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This Rebel Heart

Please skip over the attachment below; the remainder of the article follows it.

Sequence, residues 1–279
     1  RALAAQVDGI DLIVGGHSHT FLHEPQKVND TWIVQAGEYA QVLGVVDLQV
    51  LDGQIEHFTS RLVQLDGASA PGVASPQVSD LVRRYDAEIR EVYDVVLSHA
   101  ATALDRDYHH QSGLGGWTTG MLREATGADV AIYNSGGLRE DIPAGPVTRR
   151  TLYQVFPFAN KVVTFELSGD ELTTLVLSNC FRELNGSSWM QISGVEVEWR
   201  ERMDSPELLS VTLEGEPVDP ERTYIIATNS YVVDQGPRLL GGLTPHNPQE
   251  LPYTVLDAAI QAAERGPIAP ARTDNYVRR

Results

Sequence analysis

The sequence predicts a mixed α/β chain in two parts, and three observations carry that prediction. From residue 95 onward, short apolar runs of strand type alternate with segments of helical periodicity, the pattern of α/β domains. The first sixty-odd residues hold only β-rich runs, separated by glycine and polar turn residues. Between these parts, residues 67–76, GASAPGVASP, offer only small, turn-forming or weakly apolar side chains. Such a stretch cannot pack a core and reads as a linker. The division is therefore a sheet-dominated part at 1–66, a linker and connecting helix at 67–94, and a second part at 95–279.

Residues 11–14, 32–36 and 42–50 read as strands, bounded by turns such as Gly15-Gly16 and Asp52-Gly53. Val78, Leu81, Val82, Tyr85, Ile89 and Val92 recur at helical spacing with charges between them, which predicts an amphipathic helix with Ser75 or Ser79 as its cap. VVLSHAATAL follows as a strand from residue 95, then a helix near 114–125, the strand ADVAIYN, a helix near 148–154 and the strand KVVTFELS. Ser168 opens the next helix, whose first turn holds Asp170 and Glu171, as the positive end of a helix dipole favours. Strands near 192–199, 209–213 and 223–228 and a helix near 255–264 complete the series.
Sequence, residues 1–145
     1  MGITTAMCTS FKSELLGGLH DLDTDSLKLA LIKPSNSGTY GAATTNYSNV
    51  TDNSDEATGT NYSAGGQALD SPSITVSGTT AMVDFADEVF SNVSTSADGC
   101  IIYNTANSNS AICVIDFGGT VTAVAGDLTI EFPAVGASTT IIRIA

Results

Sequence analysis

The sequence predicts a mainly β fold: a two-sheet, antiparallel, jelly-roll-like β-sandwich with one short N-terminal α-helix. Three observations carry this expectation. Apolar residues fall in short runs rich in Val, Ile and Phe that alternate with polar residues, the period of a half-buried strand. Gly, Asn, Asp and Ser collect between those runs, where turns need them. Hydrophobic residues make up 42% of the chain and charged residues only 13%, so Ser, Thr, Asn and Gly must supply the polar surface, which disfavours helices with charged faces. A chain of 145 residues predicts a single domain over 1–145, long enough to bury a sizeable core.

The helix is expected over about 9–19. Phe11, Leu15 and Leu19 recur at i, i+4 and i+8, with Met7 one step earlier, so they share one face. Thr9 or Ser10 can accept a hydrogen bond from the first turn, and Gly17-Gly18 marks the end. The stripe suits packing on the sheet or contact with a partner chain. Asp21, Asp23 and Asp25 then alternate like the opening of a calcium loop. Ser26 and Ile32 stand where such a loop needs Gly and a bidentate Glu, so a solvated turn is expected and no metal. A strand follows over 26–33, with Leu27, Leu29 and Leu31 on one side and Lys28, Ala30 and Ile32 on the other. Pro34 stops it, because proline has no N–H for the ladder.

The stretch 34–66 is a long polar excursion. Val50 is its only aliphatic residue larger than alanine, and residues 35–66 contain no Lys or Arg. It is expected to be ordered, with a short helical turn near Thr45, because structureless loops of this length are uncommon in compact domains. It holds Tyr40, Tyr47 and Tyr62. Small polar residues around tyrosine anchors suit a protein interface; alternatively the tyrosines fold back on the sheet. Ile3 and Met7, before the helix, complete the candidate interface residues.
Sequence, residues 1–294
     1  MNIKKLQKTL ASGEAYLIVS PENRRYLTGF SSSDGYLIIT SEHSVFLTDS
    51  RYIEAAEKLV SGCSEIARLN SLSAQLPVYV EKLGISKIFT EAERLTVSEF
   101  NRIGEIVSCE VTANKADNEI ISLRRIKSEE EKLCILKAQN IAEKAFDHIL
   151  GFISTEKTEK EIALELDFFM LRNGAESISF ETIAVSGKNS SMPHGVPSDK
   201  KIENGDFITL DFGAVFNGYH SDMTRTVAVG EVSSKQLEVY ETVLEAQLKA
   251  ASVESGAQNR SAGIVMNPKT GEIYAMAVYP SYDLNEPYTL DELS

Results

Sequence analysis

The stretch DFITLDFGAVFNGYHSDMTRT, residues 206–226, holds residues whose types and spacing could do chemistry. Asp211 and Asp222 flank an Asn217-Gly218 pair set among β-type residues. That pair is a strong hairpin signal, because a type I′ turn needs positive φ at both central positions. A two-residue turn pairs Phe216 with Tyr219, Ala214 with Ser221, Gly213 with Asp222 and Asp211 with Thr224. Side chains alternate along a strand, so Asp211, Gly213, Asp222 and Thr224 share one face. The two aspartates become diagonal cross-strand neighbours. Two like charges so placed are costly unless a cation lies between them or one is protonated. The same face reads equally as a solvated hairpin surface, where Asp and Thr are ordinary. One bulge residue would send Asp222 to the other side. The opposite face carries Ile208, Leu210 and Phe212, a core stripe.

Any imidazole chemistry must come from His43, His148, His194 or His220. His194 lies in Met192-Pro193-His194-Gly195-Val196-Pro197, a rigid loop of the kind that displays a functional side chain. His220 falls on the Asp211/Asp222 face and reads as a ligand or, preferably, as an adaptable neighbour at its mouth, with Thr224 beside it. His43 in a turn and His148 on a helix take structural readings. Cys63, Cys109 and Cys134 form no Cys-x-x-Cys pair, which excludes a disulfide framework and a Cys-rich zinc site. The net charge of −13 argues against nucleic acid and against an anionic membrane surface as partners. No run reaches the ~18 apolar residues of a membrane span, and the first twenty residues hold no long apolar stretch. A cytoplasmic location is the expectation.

The door swung open. She spun around in surprise and started to topple forward from weakness. Derek Arnhardt stepped up quickly to grab her elbows and steady her. He smiled, his eyes mirroring concern. "So you're awake at last. Here, let me help you back to bed. You're still weak, as you've probably discovered by now, and you've got no business being up and about." She did not protest, but once he had tucked her snugly back into bed, she erupted with questions. "Where am I? This isn't my cabin. How long have I been asleep?" He chuckled softly. "You've been more than asleep. You've had the fever, and quite a case, I'm afraid. You gave us all a fright. The good doctor Jenkins cared for you, along with your mother. Then the two of them were stricken. I decided it best to quarantine that deck, and since there was no one else I could risk having exposed in order to look after you, I had you brought here. This is my cabin." He went on to quickly assure her that her mother had not been quite so sick and didn't need constant care. "When I tell her you're awake and the fever's finally broken, she'll be in to visit. "We were worried for awhile there you might not make it." He winked. "What a pity 'twould have been to dump you overboard to feed the fishes, though I would've envied them such a delectable morsel." It was all coming back to her—that night on deck when Shad Harky attacked her, the scene with Captain Arnhardt when he kissed her. She felt her face flaming with the memory of her aroused passion. But strangely, she felt no animosity toward him now. After all, she supposed he had saved her life. "How long before we get to Bermuda?" she asked, reaching up self-consciously to push at her mussed hair. "I've caused so much trouble on your ship, I suppose you'll be glad to be rid of me." "A few days yet. And yes, it will be a relief to have you and your mother delivered to your destination. By the way, that old colored woman you brought on board with you was taken ill too. I hear she's slowly recovering." Julie nodded. "Thank you for all your help... and concern." "Under different circumstances, I'd be charmed by your company, but you've been a big responsibility. Now then, suppose I have the cook bring in some food. You're probably starving. I wasn't able to get much broth into you." Julie murmured that she would like something to eat, and then she looked at him, really looked at him, and realized he was bare-chested. Never had she seen a man who exuded such strength. Despite her weakness, she had to restrain her desire to reach out and touch that massive, handsome chest. A wave of guilt moved over her as she realized there was a warm tingling in her loins at his nearness. He leaned over her, and for a moment she tensed, sure that he was about to kiss her again. Instead he touched his lips briefly to her forehead, then straightened and said, "Yes, I believe the fever is gone. That's the way my mother always checked to see if I had a fever when I was a child." He smiled slightly. "Your mother..." Julie blurted out. "I've had such a vision of you, Captain, that I never pictured you as a child with a mother, only as a cruel, domineering man filled with bitterness and hate." "Oh, I had a mother, Julie." He raised an eyebrow. "I hope you don't mind the familiarity of me calling you by your first name. After all, while you were delirious, we talked a lot, and whether you know it or not, we've become quite close."  

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